KEITH Sososo, a worker at a food and beverage company, had a bright future until one fateful day in June when he told his boss a piece of devastating news he learned just the
He had tested positive for the human immunodeficiency virus (HIV), which can cause Aids.
Sososo, not his real name, a hard worker who had received accolades for his dedication, also told his colleagues of the test results because he wanted to head off rumours.
HIV and Aids are a major threat to the world of work and have had a maximum impact on the most productive segment of the labour force.
What happened afterwards confirmed his fears, leading to stigmatisation, discrimination and repeated instances of harassment. There are many Sososos. As we commemorate
World Aids Day under the theme Increasing Impact through Transparency, Accountability, and Partnerships, and as the HIV-Aids epidemic enters its fourth decade, few, if any workplaces, remain untouched.
Lest we forget, according to the World Health Organisation (WHO), the majority of
infected people are between 25 and 49 years old. Half the nation’s workforce falls into
this age group.
HIV-Aids is the third leading cause of death for men and the fourth leading cause for women in this group.
Businesses around the globe are steadily counting up the cost of HIV-Aids and the
statistics are staggering. It threatens businesses around the globe with rising medical costs, increased demand for training and recruitment due to high turnover in staffing, loss of productivity due to absenteeism and low staff morale.
Stigma and discrimination are among the primary obstacles to effective HIV-Aids prevention and care in the workplace and across communities where persons living with HIV-Aids are rejected, scorned by colleagues at work, members of the community and even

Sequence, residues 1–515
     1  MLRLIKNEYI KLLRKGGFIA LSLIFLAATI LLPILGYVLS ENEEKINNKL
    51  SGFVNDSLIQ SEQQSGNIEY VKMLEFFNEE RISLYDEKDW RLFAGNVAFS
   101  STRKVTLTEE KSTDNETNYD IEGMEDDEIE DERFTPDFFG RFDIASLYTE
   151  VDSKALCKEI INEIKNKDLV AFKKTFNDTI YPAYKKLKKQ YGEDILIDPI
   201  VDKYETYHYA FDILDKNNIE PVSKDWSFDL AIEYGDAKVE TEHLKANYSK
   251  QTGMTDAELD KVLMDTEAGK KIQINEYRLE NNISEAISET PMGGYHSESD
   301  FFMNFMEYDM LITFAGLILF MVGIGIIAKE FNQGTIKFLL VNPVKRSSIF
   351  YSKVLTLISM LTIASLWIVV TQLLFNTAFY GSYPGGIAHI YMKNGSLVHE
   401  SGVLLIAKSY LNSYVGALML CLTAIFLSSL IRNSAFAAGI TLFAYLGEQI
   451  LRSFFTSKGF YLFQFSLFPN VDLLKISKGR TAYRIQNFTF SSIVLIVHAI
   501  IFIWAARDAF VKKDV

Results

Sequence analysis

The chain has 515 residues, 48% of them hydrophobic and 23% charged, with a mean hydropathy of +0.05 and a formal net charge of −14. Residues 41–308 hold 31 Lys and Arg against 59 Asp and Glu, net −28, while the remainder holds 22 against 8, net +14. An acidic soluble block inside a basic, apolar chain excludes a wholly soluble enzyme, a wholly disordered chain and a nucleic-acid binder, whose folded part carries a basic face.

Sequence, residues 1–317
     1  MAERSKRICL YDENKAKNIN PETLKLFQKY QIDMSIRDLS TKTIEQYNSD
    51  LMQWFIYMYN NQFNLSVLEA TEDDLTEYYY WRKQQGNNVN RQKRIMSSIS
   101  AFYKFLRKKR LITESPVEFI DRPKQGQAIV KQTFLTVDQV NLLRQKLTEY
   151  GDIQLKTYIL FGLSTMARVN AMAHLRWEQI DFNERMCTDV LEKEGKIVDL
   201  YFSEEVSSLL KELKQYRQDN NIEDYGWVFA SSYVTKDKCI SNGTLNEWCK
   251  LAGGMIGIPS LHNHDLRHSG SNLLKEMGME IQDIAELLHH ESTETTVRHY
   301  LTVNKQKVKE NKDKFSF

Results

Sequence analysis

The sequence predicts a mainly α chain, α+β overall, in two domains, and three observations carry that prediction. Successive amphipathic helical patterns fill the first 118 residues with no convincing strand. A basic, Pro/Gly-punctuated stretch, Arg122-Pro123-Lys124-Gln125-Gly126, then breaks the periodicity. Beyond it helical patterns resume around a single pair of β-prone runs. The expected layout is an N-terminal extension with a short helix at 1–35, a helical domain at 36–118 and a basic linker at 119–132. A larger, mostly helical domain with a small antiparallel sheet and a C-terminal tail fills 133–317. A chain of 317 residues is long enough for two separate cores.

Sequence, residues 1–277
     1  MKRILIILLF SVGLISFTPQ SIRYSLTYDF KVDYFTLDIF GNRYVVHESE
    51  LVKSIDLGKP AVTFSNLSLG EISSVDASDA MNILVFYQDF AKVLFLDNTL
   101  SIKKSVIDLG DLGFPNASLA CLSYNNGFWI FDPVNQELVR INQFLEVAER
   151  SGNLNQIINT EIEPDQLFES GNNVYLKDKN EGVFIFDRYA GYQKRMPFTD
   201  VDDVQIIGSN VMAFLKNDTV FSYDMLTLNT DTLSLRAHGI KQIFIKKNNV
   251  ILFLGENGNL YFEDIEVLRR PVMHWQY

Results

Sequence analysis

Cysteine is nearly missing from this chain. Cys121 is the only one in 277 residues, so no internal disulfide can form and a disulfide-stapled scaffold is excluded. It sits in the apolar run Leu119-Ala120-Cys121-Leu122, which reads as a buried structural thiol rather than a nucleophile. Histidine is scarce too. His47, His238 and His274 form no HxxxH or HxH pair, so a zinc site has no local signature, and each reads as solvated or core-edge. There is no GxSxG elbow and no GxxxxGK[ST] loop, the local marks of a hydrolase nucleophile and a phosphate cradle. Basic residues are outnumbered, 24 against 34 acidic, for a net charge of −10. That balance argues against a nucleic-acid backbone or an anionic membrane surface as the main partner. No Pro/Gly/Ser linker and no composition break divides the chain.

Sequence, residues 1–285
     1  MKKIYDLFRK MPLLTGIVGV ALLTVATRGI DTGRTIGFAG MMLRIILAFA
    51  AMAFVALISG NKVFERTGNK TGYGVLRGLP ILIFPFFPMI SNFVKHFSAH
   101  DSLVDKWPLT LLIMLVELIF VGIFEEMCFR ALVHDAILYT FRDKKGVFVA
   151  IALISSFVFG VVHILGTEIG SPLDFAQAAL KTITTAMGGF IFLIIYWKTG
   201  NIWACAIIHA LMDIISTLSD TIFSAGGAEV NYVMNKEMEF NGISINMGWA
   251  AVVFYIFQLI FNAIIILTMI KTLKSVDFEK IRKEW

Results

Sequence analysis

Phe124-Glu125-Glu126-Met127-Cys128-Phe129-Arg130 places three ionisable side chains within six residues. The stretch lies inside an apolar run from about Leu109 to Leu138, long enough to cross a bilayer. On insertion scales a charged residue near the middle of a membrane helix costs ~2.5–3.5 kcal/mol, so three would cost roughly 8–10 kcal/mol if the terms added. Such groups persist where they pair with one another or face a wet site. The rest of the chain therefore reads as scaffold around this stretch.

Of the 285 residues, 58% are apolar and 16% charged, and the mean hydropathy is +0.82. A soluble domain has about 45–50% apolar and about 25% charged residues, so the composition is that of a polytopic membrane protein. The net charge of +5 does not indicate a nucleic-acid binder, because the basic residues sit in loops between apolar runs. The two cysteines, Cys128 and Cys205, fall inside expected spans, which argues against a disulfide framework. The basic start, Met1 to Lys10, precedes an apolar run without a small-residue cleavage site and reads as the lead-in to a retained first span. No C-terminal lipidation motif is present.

relatives and friends.
Of course, smart business leaders are recognising the danger of ignoring its economic and social consequences. Maybe some of them have read the Harvard Business Review article “Aids is your Business”.
In this article, Sydney Rosen and her colleagues argue that because HIV, unlike most diseases, strikes those in their most productive years, if left unabated it quickly begins to add to the costs of labour and to slow the growth rate of potential new markets.
With an appropriate level of alarm and impeccable research to back their claim, they declare: “Aids is destroying the twin rationales of globalisation strategy cheap labour and fast growing markets” and should move every company doing global business to do
something about it.”
According to the WHO, the diseases are the world’s leading infectious killers claiming to date more than 25 million lives. WHO says that an estimated two million people die every year from HIV-Aids and most of these deaths are in the productive
Of course HIV-Aids is covered by various legislations which encourage non-discrimination standards, job-application procedures, hiring, advancement and the discharging of employees.
Discrimination in compensation, job training, and any other terms, conditions and
privileges of employment are also covered.
We must commend the government on the progress made nationally considering